AUGUSTA — Governor Paul LePage has issued a response to the Office of Program Evaluation and Government Accountability report about the findings of the first phase of their investigation into the Department of Health and Human Services handling of the deaths of two Maine children at the hands of their caretakers.
The investigation was ordered by the Government Oversight Committee March 9, following the December death of Kendall Chick, and the Feb. 25 death of 10-year old Marissa Kennedy. Kendall was reportedly killed after suffering abuse at the hands of her grandfather’s then-fiance, Shawna Gatto. Marissa suffered a prolonged and violent death at the hands of her mother and stepfather, Sharon and Julio Carrillo.
The report noted that DHHS failed to follow policies and procedures in its handling of Marissa Kennedy, whose abuse was reported by multiple concerned parties prior to her death.
In his response to the report, LePage said "the priority of the child welfare system should be doing what is in the best interests of the child, and we are carefully reviewing our statutes and systems to ensure that every decision is first and always about the child."
“We must proceed in a manner that does not jeopardize any pending prosecution so that justice is served for the children who so tragically lost their lives," he continued.
According to LePage, "the questions and concerns raised by OPEGA largely mirror those identified in the administration's internal review. DHHS has already made several reforms in the way child welfare cases are handled. It is important, however, that we have as much information as possible from all parties involved in this system before making significant changes that may have to be revised after additional formal reviews are completed. Our children deserve a system that works in their best interests."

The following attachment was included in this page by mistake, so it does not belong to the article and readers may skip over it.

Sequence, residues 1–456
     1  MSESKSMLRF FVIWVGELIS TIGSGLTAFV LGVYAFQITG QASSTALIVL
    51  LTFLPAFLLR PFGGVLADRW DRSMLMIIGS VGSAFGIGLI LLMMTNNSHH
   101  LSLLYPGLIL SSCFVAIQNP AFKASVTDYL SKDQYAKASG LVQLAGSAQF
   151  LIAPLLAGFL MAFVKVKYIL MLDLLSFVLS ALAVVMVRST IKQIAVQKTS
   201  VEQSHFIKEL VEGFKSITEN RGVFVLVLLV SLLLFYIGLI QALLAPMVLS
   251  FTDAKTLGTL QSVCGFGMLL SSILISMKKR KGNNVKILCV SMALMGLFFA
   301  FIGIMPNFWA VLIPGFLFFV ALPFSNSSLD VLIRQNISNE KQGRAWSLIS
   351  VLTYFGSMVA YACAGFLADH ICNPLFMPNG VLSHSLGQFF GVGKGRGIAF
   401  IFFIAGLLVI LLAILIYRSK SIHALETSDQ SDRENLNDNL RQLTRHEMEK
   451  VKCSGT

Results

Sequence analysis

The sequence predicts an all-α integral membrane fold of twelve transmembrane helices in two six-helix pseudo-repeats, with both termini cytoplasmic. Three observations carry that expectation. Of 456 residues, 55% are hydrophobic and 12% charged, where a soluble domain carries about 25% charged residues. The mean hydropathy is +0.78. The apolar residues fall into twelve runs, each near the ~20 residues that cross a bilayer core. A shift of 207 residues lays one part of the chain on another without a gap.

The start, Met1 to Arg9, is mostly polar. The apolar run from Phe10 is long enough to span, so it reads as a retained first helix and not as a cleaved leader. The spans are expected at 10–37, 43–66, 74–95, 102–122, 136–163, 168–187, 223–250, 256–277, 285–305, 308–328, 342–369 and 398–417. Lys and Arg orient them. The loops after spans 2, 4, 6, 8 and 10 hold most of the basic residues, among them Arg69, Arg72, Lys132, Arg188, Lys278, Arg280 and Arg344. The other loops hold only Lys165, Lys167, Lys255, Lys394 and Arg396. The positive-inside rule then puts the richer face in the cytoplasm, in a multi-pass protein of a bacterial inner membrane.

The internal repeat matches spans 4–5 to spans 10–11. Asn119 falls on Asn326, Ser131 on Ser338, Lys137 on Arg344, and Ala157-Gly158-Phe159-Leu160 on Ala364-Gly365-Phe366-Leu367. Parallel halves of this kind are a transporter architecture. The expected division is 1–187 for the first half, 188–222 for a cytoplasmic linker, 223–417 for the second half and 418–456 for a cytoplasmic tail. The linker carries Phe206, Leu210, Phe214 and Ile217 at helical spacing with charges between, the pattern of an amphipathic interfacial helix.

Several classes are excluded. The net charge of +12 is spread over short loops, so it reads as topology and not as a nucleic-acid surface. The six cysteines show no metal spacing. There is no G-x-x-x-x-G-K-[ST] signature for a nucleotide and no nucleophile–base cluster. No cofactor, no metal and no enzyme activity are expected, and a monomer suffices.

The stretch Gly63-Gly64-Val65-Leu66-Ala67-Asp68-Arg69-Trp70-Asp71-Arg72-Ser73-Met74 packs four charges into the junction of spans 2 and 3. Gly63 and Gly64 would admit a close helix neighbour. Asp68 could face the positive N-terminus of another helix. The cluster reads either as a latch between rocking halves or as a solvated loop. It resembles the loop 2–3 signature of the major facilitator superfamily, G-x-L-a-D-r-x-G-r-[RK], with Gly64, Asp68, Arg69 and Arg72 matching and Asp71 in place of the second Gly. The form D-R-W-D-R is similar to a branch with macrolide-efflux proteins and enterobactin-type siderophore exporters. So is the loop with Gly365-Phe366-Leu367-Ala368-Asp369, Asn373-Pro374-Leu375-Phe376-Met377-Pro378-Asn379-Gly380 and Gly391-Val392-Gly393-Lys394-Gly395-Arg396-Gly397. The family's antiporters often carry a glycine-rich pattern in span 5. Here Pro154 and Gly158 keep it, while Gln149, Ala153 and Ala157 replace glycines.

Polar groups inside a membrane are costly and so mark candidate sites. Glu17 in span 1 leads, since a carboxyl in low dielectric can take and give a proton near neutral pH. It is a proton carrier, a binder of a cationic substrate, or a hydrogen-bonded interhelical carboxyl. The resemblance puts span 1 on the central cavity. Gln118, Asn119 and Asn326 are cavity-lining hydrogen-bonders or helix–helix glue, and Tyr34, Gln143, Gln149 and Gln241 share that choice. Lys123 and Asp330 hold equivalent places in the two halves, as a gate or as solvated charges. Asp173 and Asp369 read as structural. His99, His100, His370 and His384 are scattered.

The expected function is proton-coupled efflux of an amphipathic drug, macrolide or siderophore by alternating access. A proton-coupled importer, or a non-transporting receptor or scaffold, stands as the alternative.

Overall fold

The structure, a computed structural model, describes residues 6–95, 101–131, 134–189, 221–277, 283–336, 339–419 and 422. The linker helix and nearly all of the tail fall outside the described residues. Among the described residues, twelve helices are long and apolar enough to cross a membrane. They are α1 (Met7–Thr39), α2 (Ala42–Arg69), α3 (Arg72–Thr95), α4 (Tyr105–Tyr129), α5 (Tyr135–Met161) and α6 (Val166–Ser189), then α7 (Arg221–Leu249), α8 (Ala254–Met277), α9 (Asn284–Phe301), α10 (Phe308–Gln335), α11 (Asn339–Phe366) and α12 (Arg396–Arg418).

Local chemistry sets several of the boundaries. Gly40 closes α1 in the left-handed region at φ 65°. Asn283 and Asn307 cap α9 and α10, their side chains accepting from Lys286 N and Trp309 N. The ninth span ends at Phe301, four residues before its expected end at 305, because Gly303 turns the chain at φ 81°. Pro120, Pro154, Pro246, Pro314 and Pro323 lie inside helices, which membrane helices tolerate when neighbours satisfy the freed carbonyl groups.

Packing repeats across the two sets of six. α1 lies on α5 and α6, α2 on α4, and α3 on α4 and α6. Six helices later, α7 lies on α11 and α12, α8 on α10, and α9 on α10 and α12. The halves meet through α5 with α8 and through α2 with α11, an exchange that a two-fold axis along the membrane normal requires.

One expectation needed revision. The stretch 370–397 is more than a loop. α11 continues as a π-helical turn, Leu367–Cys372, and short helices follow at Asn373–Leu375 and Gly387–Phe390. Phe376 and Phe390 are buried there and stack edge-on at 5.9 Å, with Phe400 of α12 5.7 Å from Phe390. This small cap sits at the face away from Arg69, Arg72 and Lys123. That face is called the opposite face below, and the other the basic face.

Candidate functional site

The administration also offered to share its recommendations with OPEGA and noted that “additional recommendations will come from DHHS and the Child Death and Serious Injury Review Panel. Some of these recommendations may require legislation.”
DHHS Commissioner Ricker Hamilton also released a statement regarding the preliminary report, saying that at this time DHHS’s focus must be to ensure that the recent tragedies are never repeated and that both Kendall Chick and Marissa Kennedy receive the justice they deserve. Hamilton said he “greatly appreciates” OPEGA’s review of DHHS’s role within the Maine child welfare system.
“We welcome and encourage external reviews of our processes and procedures, to ensure no stone is left unturned," he said in his statement.
He added that through DHHS’s internal investigation, “we have been able to identify areas in need of improvement, many of which are echoed in OPEGA's preliminary report. We are working hard at implementing a number of reforms aimed at improving the current system,” he said, adding that he looks forward to working with OPEGA as they carry out their broader review. Hamilton said he is hopeful that “more time and a more deliberative process will result in meaningful analysis and thoughtful recommendations."
Hamilton also said that he is eager for the time when the criminal investigations have concluded and additional information will be available for the public, agreeing with the Attorney General that “nothing should jeopardize justice for these two victims.”
"Once that has been achieved, I am confident that the Department's internal review, combined with the findings of the reviews done by a number of different oversight entities, will provide substantive insight for reform and improvement. Evaluating the entire network of parties that make up our state's child welfare system is critical to this process," he added.
Both Hamilton and Governor Lepage ended their statements by stressing that if anyone suspects child abuse or neglect, to call 1-800-452-1999 to make a report.
Erica Thoms can be reached at email@example.com